In severe cases, medical interventions, including pet surgery, may be the only way to remove hairballs from a cat’s digestive tract. The surgical procedure, known as a gastrotomy, involves making an incision in the belly to remove the hairball. It's important to note that this type of surgery is generally only recommended when other treatment options have been exhausted, and the hairball poses a significant risk to the cat's health.
BetterVet Can Help
While hairballs are a pretty run-of-the-mill issue in cats, it’s important to make sure you’re doing what you can as a cat owner to protect your fur baby from getting hairballs. If your cat is getting hairballs and you’re worried about changes in their behavior, eating, drinking, or sleeping habits, contact your vet.
At BetterVet, we understand the importance of maintaining your cat’s overall health and well-being. That's why we offer flexible, on-demand mobile veterinary care for cats and other pets.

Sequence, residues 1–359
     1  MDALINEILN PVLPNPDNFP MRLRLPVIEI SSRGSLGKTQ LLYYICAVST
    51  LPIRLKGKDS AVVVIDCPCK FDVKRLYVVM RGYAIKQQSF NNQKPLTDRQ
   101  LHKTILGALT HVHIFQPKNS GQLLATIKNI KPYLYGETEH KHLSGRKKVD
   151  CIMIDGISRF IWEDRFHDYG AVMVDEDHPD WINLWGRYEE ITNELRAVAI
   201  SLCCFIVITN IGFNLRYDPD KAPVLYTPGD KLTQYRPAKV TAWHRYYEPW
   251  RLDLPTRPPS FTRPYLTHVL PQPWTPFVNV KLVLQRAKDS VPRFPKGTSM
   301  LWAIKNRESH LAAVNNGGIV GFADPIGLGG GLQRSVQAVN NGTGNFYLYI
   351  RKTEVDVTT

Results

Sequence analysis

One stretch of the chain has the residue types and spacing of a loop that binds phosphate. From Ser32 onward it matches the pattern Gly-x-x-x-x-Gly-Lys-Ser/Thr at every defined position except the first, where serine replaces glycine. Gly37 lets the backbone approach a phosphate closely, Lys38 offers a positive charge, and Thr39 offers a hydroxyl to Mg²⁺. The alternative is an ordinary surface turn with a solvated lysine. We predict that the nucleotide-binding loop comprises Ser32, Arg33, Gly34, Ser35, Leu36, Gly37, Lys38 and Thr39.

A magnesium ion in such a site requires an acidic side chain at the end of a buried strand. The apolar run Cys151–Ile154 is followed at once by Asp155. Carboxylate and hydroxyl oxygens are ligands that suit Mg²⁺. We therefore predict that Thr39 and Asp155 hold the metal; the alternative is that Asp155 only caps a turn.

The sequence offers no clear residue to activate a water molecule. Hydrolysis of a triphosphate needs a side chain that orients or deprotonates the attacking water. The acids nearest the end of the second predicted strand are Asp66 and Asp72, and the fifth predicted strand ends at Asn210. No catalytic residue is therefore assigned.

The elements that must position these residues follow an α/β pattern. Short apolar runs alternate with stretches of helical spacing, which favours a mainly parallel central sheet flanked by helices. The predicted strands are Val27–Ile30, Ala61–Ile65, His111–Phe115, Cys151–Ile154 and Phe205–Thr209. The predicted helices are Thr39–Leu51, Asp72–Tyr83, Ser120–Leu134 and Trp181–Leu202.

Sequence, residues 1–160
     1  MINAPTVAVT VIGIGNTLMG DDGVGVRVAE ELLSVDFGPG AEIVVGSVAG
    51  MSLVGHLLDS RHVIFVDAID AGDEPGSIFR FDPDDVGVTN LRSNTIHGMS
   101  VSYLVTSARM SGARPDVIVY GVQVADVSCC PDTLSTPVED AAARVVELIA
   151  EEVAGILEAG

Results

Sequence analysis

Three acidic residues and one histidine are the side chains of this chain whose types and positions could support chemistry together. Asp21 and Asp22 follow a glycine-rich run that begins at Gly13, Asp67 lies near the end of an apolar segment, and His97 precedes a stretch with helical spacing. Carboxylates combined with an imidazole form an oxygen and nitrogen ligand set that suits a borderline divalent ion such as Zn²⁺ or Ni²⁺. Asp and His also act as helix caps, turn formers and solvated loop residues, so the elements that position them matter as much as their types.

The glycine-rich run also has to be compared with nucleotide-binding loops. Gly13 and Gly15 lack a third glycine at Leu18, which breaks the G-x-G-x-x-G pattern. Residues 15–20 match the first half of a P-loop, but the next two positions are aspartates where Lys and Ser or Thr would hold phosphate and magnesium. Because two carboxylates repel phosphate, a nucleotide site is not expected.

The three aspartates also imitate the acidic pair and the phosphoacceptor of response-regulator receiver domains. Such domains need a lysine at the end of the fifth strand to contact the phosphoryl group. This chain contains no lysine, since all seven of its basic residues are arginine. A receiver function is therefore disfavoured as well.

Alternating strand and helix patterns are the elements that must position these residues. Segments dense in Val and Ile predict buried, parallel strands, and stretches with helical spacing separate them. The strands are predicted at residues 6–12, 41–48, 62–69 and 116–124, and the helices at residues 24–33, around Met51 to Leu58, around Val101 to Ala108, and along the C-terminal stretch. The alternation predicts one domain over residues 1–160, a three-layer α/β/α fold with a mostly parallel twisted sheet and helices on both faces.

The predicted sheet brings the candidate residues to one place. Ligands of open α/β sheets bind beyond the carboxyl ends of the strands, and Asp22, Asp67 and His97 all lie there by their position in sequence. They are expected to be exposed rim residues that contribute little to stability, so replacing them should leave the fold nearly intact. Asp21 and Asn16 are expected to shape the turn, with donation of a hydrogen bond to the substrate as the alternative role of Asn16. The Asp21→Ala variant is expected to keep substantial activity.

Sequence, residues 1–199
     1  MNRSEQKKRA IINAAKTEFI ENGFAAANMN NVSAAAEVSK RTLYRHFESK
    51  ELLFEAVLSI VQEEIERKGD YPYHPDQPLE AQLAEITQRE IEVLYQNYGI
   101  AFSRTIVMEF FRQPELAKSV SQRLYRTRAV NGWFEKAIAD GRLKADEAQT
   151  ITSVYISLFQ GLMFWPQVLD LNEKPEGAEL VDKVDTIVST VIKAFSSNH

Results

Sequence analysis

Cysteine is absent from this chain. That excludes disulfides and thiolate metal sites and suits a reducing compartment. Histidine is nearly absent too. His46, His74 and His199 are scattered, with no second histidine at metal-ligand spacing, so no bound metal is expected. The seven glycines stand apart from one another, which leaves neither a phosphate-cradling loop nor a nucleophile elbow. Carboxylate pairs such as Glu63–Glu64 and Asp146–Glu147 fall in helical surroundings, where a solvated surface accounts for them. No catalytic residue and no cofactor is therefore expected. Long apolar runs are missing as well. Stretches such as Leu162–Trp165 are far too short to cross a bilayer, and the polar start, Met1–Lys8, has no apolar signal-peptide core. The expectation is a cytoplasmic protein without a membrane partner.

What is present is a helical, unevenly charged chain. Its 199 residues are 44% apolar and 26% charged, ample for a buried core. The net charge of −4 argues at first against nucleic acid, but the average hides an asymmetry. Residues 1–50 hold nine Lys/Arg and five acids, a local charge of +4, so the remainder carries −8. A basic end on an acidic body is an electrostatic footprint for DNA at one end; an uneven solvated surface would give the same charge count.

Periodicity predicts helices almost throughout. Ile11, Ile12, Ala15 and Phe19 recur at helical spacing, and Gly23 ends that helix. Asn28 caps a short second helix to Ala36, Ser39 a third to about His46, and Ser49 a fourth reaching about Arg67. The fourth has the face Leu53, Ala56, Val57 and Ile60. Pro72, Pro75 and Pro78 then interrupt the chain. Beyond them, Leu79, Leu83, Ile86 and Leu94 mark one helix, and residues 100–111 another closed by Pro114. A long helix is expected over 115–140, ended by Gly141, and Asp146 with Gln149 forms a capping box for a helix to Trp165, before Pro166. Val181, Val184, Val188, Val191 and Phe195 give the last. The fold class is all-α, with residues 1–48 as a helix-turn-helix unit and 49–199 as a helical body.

Frequently Asked Questions
How do I help my cat pass a hairball?
To help your cat pass a hairball, try putting a small amount of petroleum jelly on their paws for them to lick. You can also add a hairball gel to their daily diet. Both of these options can help lubricate the hairball and make it easier to pass through the digestive system.
How do you know if your cat has a hairball blockage?
If your cat is experiencing loss of appetite, lethargy, and frequent vomiting, it could be a sign of hairball blockage. Other symptoms may include constipation, diarrhea, and difficulty passing stool. If you suspect your cat has a hairball blockage, it's important to seek veterinary attention as soon as possible to prevent further complications.
How often should my cats throw up hairballs?
Cats should not produce more than one hairball per month. If you notice your cat throwing up hairballs more frequently, it may be a sign of an underlying issue such as excessive grooming or a digestive problem.
When should I start to worry about my cat’s hairballs?
If your cat produces occasional hairballs once a month and is otherwise healthy, there's no need to worry. However, if your cat experiences inappetence, lethargy, or withdrawal along with frequent vomiting or retching without producing a hairball, it's time to talk to your veterinarian.